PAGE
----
The Old King's Head,
and Sutton Aqueduct
The image of this silk was very kindly donated by Mary Dodd
|Woven on silk:-
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woven in silk 1989
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|Printed at bottom of card mount:-
The 'Old King's Head' and Sutton Aqueduct
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Legend printed on inside cover of card mount:-
The Old King's Head, Sutton, near Macclesfield, is on the main route to the old Brocklehurst-Whiston Print Works at Langley. The adjoining Smithy was actively used by local farmers and in former days by coaches and horse transport passing through to Buxton. The Sutton Aquaduct was constructed in 1831 from plans left by the famous James Brindley and the canal opening was a great step forward in the history of Macclesfield.
cm deep by cm wide
11.4 cm high by 18.2 cm wide
Technical Details supplied by Lewis Cowen:
|First Sketch: ||Mr William Hine|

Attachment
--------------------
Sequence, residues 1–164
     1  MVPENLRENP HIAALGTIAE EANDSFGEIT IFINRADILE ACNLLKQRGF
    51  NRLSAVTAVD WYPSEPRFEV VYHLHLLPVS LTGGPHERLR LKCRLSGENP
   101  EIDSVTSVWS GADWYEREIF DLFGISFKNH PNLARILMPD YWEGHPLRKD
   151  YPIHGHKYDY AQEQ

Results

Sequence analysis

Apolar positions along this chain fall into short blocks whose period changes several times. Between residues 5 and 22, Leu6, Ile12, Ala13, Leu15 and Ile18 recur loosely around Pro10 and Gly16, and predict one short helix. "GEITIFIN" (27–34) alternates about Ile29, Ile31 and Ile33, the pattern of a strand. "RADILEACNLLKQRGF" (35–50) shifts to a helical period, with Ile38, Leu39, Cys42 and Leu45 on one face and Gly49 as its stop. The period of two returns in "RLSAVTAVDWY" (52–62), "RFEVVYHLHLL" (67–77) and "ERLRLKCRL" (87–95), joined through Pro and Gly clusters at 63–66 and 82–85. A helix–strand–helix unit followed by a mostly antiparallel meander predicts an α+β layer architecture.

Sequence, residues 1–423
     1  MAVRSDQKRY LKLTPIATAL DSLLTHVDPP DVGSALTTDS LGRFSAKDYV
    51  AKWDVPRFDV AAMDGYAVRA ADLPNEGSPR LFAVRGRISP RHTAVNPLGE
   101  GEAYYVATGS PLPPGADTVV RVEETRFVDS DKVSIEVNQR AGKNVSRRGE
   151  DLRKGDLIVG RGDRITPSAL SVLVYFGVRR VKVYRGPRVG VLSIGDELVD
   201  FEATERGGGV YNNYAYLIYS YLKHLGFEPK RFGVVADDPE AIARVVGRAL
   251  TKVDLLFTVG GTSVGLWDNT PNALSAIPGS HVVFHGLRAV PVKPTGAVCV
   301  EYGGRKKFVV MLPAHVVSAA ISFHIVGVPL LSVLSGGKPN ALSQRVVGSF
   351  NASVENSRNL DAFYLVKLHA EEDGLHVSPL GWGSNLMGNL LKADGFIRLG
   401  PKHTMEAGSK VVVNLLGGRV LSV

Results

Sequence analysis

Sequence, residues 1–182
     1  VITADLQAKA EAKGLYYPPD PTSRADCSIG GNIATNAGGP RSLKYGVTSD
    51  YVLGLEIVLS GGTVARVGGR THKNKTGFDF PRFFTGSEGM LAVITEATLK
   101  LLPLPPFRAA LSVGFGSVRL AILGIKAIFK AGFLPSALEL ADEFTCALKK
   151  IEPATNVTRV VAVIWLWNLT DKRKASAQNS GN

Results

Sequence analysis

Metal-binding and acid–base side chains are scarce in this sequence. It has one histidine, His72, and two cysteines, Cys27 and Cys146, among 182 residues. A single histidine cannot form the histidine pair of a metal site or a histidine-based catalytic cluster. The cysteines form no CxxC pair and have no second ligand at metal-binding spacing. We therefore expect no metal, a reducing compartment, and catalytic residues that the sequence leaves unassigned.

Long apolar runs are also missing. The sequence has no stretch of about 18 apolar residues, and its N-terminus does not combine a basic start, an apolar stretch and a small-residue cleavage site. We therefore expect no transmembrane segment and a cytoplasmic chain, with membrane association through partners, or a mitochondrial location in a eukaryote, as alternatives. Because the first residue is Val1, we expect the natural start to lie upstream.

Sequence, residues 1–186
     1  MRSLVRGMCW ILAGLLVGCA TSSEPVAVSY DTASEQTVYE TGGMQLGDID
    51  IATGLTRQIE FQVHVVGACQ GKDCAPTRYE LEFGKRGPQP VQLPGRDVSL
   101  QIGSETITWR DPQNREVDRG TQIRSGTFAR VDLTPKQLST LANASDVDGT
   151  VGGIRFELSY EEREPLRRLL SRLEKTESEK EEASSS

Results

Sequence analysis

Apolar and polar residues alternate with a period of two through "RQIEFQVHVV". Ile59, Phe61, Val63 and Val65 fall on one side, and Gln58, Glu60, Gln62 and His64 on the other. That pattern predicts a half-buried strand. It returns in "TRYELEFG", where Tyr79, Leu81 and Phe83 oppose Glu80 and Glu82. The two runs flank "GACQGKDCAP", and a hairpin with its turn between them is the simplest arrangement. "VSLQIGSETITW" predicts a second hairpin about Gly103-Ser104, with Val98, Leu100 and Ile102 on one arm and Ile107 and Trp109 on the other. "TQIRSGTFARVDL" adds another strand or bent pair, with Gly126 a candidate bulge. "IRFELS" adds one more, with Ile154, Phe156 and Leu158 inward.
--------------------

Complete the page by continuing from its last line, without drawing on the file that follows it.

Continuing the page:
|Design Draft:||Mr David Proud (Wm. Rigg & Co. Ltd)|
|Card Cutter:||Mr George Dodsworth (Wm. Rigg & Co. Ltd)|
|Weaving:||Mrs Marlene Lawson|
by Lewis Cowen:
In 1989 another woven picture was produced. The first sketch for The Old Kings Head had beed done by William Hine some years previously, but had not been chosen as there had been some support for one depicting The Armoury at that time. Nothing came of this, and some years after Mr Hine's retirement his sketch was resurrected and used to produce the 1989 picture.
The design draft was done externally, but during initial trials Bill Hines was asked to help in resolving a problem caused by 'mirror images'.
This was the last picture to have the legend printed inside the cover. Those for St. Paul's and The Kings School were done on a separate piece of paper included with the picture.
The picture for 1989 was THE OLD KING'S HEAD, SUTTON, the third in the Cheshire Inns series. The Old King's Head is on the main route to the old Brocklehurst-Whiston Print Works at Langley. The adjoining Smithy was used by local farmers and in earlier times by horse drawn coaches en route to Buxton. The Sutton Aqueduct was constructed in 1831 from plans left by the famous James Brindley, although his actual involvement is doubtful. The opening of the canal was a great step forward in the history of Macclesfield.